"You know, sometimes it is the artist's task to find out howmuch music you can still make with what you have left."
On Nov. 18, 1995, Itzhak Perlman, the violinist, came onstage to give a concert at Avery Fisher Hall at LincolnCenter in New York City. If you have ever been to a Perlmanconcert, you know that getting on stage is no smallachievement for him. He was stricken with polio as a child,and so he has braces on both legs and walks with the aid oftwo crutches. To see him walk across the stage one step ata time, painfully and slowly, is an unforgettable sight. Hewalks painfully, yet majestically, until he reaches his chair.Then he sits down, slowly, puts his crutches on the floor,undoes the clasps on his legs, tucks one foot back andextends the other foot forward. Then he bends down andpicks up the violin, puts it under his chin, nods to theconductor and proceeds to play. By now, the audience isused to this ritual. They sit quietly while he makes hisway across the stage to his chair. They remain reverentlysilent while he undoes the clasps on his legs.
They wait until he is ready to play.
But this time, something went wrong. Just as he finishedthe first few bars, one of the strings on his violin broke.You could hear it snap - it went off like gunfire across theroom. There was no mistaking what that sound meant. Therewas no mistaking what he had to do. People who were therethat night thought to themselves: We figured that he wouldhave to get up, put on the clasps again, pick up the crutchesand limp his way off stage, to either find another violin orelse find another string for this one. But he didn't.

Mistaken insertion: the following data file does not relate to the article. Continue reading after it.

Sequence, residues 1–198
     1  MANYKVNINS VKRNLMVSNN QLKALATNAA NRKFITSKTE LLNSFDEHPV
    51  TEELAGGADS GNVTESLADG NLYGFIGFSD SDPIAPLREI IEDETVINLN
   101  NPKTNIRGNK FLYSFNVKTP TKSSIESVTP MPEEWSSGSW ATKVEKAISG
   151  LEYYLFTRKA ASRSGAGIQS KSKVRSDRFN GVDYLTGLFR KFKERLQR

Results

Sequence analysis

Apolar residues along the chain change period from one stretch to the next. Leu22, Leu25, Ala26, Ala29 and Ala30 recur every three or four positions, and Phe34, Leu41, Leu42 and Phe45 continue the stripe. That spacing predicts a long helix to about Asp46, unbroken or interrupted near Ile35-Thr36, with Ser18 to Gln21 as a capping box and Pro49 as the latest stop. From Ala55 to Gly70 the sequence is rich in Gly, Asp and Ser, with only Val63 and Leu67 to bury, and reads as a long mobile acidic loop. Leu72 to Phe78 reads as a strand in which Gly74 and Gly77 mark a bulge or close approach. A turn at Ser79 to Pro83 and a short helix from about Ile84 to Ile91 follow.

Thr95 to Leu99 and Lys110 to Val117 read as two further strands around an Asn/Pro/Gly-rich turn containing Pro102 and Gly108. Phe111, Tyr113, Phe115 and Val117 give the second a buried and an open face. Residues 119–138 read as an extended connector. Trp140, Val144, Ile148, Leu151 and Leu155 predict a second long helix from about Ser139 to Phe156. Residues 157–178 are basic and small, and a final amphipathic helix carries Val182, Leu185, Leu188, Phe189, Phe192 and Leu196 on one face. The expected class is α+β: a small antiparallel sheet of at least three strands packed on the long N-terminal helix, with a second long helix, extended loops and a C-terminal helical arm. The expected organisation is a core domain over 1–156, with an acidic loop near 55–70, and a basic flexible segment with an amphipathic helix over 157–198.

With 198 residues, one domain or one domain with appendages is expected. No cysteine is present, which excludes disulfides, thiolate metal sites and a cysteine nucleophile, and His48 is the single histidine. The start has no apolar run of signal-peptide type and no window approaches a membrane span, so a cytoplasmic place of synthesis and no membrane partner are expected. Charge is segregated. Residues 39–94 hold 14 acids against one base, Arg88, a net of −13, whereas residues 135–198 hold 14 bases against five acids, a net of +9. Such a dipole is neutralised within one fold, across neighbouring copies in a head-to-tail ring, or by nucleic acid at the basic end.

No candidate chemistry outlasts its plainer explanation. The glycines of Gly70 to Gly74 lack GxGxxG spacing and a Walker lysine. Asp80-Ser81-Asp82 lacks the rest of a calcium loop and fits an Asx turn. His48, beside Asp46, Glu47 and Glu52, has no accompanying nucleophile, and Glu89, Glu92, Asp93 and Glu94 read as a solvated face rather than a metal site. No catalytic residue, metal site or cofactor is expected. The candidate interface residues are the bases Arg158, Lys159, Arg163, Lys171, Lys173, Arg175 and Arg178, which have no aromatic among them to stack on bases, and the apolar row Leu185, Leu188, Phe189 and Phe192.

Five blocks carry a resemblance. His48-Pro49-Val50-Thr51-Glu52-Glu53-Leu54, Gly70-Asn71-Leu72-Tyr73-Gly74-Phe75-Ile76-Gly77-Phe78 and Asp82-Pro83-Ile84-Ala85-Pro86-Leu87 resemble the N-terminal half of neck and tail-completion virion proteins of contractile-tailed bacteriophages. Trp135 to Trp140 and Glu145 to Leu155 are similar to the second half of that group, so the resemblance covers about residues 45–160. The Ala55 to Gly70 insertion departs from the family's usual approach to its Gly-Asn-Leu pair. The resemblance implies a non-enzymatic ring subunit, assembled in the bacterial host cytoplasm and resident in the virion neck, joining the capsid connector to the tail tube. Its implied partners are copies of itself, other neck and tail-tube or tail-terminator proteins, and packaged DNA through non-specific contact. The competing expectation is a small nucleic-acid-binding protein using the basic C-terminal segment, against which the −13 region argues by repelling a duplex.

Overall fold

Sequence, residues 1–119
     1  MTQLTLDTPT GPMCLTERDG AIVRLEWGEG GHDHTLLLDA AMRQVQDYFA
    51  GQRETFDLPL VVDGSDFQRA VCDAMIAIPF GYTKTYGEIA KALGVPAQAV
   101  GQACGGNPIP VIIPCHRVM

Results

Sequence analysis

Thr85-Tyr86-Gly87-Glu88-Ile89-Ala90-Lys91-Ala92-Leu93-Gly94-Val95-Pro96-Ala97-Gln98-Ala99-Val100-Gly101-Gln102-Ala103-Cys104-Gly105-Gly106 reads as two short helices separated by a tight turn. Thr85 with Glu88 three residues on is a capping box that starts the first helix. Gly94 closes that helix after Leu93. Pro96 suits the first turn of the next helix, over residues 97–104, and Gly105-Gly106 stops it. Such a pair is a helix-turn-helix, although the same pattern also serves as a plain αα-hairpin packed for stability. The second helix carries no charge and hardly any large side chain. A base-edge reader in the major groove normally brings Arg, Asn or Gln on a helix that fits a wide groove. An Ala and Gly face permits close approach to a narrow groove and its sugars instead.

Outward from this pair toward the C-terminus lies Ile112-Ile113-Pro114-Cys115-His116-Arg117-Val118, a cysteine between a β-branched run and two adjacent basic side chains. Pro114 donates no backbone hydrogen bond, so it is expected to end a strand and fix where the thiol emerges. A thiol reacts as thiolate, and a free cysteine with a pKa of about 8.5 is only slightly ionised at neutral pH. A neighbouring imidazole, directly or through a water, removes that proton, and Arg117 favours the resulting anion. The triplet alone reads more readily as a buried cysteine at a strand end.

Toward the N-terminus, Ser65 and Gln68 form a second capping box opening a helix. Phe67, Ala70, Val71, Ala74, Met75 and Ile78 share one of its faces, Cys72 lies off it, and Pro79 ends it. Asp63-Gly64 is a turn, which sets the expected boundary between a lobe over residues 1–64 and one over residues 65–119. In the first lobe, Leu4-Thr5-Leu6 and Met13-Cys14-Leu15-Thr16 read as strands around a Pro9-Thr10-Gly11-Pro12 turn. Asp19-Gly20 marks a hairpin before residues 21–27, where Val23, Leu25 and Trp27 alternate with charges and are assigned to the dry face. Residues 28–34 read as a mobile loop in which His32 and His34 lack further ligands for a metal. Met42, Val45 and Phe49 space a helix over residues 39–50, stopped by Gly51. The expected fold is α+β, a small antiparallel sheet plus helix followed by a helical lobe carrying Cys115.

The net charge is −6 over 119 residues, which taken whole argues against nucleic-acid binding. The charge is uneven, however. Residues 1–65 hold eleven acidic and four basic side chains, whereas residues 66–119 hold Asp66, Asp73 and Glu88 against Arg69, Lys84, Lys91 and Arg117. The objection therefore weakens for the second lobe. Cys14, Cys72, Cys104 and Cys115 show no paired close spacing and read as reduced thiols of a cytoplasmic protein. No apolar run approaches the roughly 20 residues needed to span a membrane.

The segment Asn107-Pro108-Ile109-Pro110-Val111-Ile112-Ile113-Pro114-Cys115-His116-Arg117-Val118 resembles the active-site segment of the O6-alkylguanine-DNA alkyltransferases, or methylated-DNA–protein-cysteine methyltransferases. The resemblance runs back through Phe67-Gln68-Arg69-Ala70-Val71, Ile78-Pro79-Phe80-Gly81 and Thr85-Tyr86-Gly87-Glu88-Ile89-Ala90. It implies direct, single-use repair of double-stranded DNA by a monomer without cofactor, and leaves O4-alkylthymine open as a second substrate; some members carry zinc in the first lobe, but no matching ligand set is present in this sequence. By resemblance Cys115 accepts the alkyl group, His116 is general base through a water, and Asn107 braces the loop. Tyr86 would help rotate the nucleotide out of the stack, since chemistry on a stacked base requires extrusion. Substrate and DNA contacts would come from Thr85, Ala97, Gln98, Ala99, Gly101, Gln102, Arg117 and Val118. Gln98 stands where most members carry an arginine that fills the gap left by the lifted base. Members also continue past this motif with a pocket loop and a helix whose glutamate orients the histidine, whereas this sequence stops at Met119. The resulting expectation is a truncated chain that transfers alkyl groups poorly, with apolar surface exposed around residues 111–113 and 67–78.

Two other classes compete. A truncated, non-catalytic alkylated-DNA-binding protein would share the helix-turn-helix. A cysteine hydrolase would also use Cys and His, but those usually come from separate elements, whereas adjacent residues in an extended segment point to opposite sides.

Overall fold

Instead, he waited a moment, closed his eyes and thensignaled the conductor to begin again. The orchestra began,and he played from where he had left off. And he played withsuch passion and such power and such purity as we had neverheard before. Of course, anyone knows that it is impossibleto play a symphonic work with just three strings. I know that,and you know that, but that night Itzhak Perlman refused toacknowledge that. You could see him modulating, changing,recomposing the piece in his head. At one point, it soundedlike he was de-tuning the strings to get new sounds from themthat they had never made before.
When he finished, there was an awesome silence in the room.And then people rose and cheered. There was an extraordinaryoutburst of applause from every corner of the auditorium. Wewere all on our feet, screaming and cheering, doing everythingwe could to show how much we appreciated what he had done.He smiled, wiped the sweat from this brow, raised his bow toquiet us, and then he said, not boastfully but in a quiet,pensive, reverent tone, "You know, sometimes it is the artist's task to find out howmuch music you can still make with what you have left."
What a powerful line that is. It has stayed in my mind eversince I heard it. And who knows? Perhaps that is the way oflife - not just for artists but for all of us. So, perhapsour task in this shaky, fast-changing, bewildering world inwhich we live is to make music, at first with all that wehave and then, when that is no longer possible, to still makemusic with all that we have left.